Elizabeth Redhead Kriston

Author and Educator

Reading to the Reluctant Toddler

By: Elizabeth Redhead Kriston, MS/CCC-SLP

“Carter won’t sit for stories. He just wants to turn the pages and toss the book. I don’t even leave books out for him because he rips them when I am not looking.” This lament is heard over and over from the parents of reluctant toddlers. They want to share books with their tots but struggle with making story time productive. Having worked with this age group for over fifteen years I have devised some strategies that really work. We know how important it is to read to our young kids. Some research even supports starting to read to them while they are in the womb. However, knowing that we should read and making reading time enjoyable and productive can be two very different things. 

If your family is anything like mine, you have at least one kid who can’t get enough time with books, that precocious child who brings books constantly, thrusting them at you to get you to read to them. Often times they gravitate to just one book. In my house it was Go Dog Go by Dr. Seuss. I read that book so many times that just seeing a dog in a car makes me breakout into a sweat. As much as I grew to loathe that book, after our thrice daily readings for months on end, I realized that by participating in this ritual, which my daughter insisted upon, she learned to read at the young age of three. 

Conversely, my second child abhorred reading. Even to this day, she struggles with finding a love for books. She knows she should read. She gushes to all that will listen about her mother, the author. She is surrounded by books and people who read. Yet, she cannot find the passion within. It is frustrating that my daughter cannot find joy from reading, from immersing herself into the lives and places and fantasies that books offer. I wish I knew then what I know now. When she was an infant and toddler I could have done more to make books tempting and not so intimidating. If I had, I’d like to think she would be more enamored with the written word. 

If you have a young child who refuses to read, I offer you these suggestions as a way to make books appealing or at least nonthreatening. First, start young. With my first child who was a bit fussy and needed to be held in the BabyBjorn carrier, I read to her from the complete works of Winnie the Pooh by A.A. Milne as we walked in circles around the house. She was a captive audience and too young to comment on the complexity of the book. Second, choose age appropriate books. As she got older and calmed a bit, we moved toward brief stories offered in sturdy board books. Our favorite was But Not the Hippopotamus by Sandra Boynton. Third, contain again. Once your little ones get more active, seize the opportunities to read to them as they are naturally contained. For example, if they are in the highchair for mealtime, read to them. Bath time is a good time too if they are safely seated in a bath chair or can sit up without your support (you might want to choose vinyl books for this suggestion). Fourth, read to them while they are playing quietly. As your child stacks blocks, puts a puzzle together, or pushes her trains around the track, sit nearby and read. It is OK if they are not snuggled in on your lap. The words and concepts they are exposed to while being read to are invaluable for their brain development. Chances are they will become curious and sneak over to take a peek. Not to mention that taking away the expectation that they must sit for a story makes it less combative and more natural for them. Fifth, be silly and expressive when you read. The more animation and intonation you use, the more you will draw your child into the story. They will want to participate with the book and you if it is fun. Sixth, pair toys with the book. Read books that contain your child’s favorite TV or movie characters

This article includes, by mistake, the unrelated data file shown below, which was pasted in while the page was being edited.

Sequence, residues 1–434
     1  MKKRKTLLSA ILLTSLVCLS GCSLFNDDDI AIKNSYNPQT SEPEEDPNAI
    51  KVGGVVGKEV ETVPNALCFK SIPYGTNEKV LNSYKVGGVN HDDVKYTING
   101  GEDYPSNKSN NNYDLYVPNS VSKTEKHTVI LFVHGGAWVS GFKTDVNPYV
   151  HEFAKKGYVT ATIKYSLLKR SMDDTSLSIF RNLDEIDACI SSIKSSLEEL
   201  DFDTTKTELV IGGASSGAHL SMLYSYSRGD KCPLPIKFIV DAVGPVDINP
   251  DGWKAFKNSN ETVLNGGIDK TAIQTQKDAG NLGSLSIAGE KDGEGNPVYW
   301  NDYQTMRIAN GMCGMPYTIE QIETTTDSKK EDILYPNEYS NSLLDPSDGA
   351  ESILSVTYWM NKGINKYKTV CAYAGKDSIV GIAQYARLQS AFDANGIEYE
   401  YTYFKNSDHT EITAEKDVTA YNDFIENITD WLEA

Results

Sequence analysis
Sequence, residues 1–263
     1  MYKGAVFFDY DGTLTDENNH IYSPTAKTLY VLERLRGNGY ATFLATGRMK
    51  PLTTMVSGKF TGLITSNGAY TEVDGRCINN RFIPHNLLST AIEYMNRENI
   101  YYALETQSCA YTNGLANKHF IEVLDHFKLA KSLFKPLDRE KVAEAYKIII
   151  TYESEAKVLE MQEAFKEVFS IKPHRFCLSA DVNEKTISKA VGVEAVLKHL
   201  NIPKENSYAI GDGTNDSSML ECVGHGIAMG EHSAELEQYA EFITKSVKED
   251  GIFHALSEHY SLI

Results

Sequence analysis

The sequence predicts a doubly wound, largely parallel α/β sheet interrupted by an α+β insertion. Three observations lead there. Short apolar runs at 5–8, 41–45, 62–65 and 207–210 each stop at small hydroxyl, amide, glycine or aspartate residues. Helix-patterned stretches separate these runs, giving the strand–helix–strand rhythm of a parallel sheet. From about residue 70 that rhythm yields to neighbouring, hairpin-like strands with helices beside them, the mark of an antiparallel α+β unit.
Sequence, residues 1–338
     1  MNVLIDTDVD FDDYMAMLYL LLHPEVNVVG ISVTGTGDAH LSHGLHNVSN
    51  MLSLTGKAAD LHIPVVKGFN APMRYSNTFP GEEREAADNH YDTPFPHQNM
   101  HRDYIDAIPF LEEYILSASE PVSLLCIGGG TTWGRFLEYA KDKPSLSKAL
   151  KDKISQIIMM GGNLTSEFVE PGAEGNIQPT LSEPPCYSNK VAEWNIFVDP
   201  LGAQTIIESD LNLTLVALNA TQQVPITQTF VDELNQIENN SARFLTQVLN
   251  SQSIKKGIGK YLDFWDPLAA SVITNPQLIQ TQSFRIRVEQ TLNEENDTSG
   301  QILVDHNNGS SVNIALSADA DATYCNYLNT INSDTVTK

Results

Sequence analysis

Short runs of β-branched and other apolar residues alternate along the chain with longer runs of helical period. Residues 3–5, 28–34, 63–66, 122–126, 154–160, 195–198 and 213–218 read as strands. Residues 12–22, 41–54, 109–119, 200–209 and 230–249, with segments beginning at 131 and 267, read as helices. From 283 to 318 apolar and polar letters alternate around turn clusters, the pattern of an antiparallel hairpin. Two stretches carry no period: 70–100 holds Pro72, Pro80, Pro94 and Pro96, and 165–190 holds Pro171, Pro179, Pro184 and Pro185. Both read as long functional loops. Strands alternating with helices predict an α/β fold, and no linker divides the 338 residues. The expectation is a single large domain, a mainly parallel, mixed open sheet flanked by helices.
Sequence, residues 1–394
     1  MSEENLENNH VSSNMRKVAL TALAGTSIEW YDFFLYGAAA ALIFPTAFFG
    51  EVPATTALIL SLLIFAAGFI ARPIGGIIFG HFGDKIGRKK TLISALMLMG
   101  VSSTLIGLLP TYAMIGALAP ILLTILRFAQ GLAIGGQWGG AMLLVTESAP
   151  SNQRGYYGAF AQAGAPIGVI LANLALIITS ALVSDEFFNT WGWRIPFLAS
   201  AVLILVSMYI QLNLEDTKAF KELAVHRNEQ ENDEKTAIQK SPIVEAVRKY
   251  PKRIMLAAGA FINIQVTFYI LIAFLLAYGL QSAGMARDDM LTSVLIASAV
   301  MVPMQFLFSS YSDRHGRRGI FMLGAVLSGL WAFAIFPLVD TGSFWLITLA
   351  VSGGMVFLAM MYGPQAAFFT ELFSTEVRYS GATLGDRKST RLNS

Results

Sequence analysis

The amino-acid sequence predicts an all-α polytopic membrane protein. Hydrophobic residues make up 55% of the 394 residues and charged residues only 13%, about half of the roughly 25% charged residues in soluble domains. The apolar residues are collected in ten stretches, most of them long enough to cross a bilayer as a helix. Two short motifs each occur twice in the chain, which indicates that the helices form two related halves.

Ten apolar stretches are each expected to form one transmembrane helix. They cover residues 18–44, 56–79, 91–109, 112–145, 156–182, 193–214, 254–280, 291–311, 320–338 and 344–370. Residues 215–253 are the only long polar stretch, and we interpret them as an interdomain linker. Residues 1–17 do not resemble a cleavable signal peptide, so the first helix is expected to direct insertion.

and bring out the toys you bought them (you know you have Paw Patrol and Thomas the Tank Engine toys in the toy box) and act out the stories. Or, gather some toys for a favorite picture book and incorporate them as you read. When story time becomes play time, kids are more apt to attend and interact. 

My biggest point of pride comes from using these suggestions while reading my book Pants on Ants. This story has just enough silly in it to keep the attention of any reluctant toddler when read with lots of emotion and animation. In fact, numerous times upon bringing it out in a therapy session I was told by a parent, “My child will not sit for stories.” I accepted that challenge and read to the child in spite of that warning. The first reading usually started with the child across the room playing with his favorite truck. After the second or third page, he was peeking over the top of the book to see the illustrations. Eventually, he ended up in my lap as I finished the book. Then we pulled out the flashcards from the pocket in the book. We named and talked about the pictures. All the while, mom looked stunned at what just happened. Then the most amazing thing occurred, the child requested the book to be read again and again. By just reading the book incorporating a few of the strategies listed above, the toddler went from a reluctant reader to actively participating and requesting a story. This scenario happens nearly every time I share a book with a child no matter how resistant they have been to books in the past. 

The list is not exhaustive, I am sure you have lots of good ideas too. I hope you share them with us in the comments section. Just remember, if we make story time fun; if we choose books that are developmentally appropriate; and if we read daily to our kids, they may not learn to love books, but they will become smarter. No matter what, do not ever give up on teaching your child to love a good story.

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